When I created my Pinterest profile for my website back in July I envisioned working on the social media aspect of the website through all of the major outlets (Facebook, Twitter, etc).
I was going to get hundreds of likes on Facebook and retweets every day and see my social media presence grow rapidly. However, I quickly learned that I didn’t want to put my eggs in a bunch of baskets and be just okay at all of them.
I decided to find one social media platform to bring organic traffic to this website. Choosing Pinterest wasn’t a hard option for me for two main reasons: 1) I knew that there was an untapped market to grow my website and target dad’s needing help managing their time better while they worked from home, and 2) I wanted to learn something new that was going to take some time to figure out and add another skill to my social media repertoire.
Now that I decided on Pinterest I had zero ideas on how to effectively use the website. I simply viewed it as of another Facebook or Twitter when in reality it’s really another search engine similar to Google.
I needed to find a way to get better at using Pinterest and use it effectively so I searched far and wide to find the best free books and courses about gaining organic traffic to Pinterest.
This eventually led me Laura Rike’s website. I didn’t know it at the time but she would quickly become one of the most influential people in the growth of my business.
I signed up for her Pintastic Rockstars course
and used a lot of the strategies she provided to get my Pinterest profile organized. A lot of the strategies her course provided have helped me get to over 25,000 monthly views in roughly 4 months (my page has been available since July, but I didn’t really focus on Pinterest content until October).
What are some of the things you can do when creating your profile that will quickly get you organic traffic? Keep reading to find out how I grew my page.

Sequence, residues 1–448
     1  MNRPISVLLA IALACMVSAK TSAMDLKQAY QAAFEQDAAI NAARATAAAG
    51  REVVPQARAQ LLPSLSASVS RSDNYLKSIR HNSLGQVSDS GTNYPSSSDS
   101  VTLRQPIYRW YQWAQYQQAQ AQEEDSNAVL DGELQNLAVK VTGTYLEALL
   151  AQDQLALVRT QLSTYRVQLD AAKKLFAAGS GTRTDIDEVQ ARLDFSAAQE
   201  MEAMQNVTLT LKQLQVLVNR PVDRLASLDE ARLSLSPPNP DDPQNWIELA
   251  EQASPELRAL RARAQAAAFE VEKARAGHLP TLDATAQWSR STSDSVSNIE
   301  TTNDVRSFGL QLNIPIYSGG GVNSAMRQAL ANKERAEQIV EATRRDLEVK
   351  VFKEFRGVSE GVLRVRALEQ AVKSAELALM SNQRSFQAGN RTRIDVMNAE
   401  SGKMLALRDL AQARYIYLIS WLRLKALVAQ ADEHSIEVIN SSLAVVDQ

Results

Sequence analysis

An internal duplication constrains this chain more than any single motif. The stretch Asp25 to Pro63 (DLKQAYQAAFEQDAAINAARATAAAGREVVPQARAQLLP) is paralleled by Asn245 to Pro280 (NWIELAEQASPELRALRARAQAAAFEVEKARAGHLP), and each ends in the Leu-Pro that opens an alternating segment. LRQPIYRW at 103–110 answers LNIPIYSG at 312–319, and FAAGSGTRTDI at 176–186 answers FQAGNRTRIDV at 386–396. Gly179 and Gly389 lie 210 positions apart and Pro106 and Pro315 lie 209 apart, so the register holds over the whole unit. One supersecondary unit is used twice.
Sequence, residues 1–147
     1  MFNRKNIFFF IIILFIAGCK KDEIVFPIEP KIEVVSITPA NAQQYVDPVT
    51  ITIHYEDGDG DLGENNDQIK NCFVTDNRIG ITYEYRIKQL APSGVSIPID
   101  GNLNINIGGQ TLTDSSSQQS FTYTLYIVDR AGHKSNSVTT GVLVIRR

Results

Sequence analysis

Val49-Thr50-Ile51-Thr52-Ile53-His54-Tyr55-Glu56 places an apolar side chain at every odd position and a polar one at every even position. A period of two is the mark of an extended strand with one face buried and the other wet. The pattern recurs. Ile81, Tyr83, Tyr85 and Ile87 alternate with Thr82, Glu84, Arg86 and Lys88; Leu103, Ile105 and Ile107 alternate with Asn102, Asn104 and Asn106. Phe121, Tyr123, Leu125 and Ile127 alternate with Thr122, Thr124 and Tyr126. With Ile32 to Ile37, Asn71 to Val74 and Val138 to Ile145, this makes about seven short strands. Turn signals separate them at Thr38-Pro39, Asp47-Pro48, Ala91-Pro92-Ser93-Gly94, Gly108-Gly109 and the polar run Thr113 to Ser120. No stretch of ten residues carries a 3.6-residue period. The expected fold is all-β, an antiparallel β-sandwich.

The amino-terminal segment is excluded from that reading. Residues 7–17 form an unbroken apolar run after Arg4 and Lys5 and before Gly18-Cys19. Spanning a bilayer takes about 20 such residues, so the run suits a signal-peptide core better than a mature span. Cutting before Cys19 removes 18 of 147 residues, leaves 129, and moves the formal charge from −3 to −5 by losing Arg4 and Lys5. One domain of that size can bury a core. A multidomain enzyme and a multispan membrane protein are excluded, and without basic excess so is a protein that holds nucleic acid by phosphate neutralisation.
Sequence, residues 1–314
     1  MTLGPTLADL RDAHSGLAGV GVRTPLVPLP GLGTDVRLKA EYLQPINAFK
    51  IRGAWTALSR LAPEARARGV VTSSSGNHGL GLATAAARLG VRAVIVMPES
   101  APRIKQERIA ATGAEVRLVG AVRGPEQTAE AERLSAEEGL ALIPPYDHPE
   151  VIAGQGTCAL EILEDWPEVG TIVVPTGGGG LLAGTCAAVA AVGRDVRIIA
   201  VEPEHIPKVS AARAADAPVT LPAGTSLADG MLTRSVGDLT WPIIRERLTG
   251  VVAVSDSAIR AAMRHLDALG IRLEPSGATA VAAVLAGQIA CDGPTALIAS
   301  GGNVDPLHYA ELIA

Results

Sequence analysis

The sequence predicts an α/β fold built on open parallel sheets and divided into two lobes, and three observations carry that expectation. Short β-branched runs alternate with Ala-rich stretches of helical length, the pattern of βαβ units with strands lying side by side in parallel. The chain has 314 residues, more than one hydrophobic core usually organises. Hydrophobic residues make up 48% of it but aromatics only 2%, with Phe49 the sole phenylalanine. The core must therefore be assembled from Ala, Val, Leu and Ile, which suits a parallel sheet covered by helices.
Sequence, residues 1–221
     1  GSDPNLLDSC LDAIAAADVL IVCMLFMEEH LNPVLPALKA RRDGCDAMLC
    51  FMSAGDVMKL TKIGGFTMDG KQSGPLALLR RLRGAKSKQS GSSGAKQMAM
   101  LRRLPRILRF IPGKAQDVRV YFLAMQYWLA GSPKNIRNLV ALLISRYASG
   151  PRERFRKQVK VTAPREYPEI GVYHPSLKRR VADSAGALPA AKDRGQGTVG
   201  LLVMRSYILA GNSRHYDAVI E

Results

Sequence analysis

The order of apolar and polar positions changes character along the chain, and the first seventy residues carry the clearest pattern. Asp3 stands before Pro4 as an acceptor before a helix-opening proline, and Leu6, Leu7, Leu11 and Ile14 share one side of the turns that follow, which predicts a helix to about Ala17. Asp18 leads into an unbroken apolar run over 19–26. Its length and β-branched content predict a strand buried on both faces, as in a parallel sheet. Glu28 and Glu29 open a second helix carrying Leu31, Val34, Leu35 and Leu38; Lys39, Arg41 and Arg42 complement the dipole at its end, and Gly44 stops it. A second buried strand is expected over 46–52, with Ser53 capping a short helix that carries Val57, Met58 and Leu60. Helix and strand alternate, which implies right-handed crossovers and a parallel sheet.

As I mentioned earlier Pinterest is a lot like Google when it comes to rankings and how easily your profile will be found when someone is searching for a specific topic. You should have all of the keywords that you want to rank for in your headline and profile sections.
Create your pins
You should always use keywords that will help attract your target customers to your profile and website.
I’m not saying you should simply pepper your pin description with keywords with only commas separating them, but you should be able to organically sprinkle the keywords you want to use to describe them.
Creating your boards will be the most important part of your Pinterest profile. These boards will be the difference between you getting two or three website visits a day compared to 20 or 30.
Before I switched servers (a horrible and utterly shocking day) I was getting between 8 to 10 visits to my website each day based on Pinterest pins that directed back to my website.
When you create your boards you again want to use specific keywords that you would like to rank for. Your boards should be an extension of your overall marketing strategy for your website, and this should hit home specific points of interest that your target customers can relate to.
Since changing the direction of my website, I have focused on time management and helping dads become more organized. (A blessing in disguise for losing my content).
Once you create the boards you should focus on finding content that will relate to your customers.
You don’t simply want to click suggestive pins without doing your proper research because you could get a warning from Pinterest about a pin being deemed potentially harmful to your customer’s devices.
So make sure you optimize your words to keep the content lined up with the overall brand message.
Create great looking pins
I’m not very creative. Chances are a lot of you might not be either, but that doesn’t mean you can’t create pins that will stand out to your target customer.
The image on your pin can make a huge difference in how many saves and followers you gain.
Here’s a look at one of the pins on my profile.